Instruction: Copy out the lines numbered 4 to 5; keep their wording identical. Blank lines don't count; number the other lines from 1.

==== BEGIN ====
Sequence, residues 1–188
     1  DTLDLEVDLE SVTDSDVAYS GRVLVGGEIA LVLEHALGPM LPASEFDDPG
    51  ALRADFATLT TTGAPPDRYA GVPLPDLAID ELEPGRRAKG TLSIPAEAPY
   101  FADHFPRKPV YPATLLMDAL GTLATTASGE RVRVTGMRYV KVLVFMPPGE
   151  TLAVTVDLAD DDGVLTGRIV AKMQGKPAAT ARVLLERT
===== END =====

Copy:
   101  FADHFPRKPV YPATLLMDAL GTLATTASGE RVRVTGMRYV KVLVFMPPGE
   151  TLAVTVDLAD DDGVLTGRIV AKMQGKPAAT ARVLLERT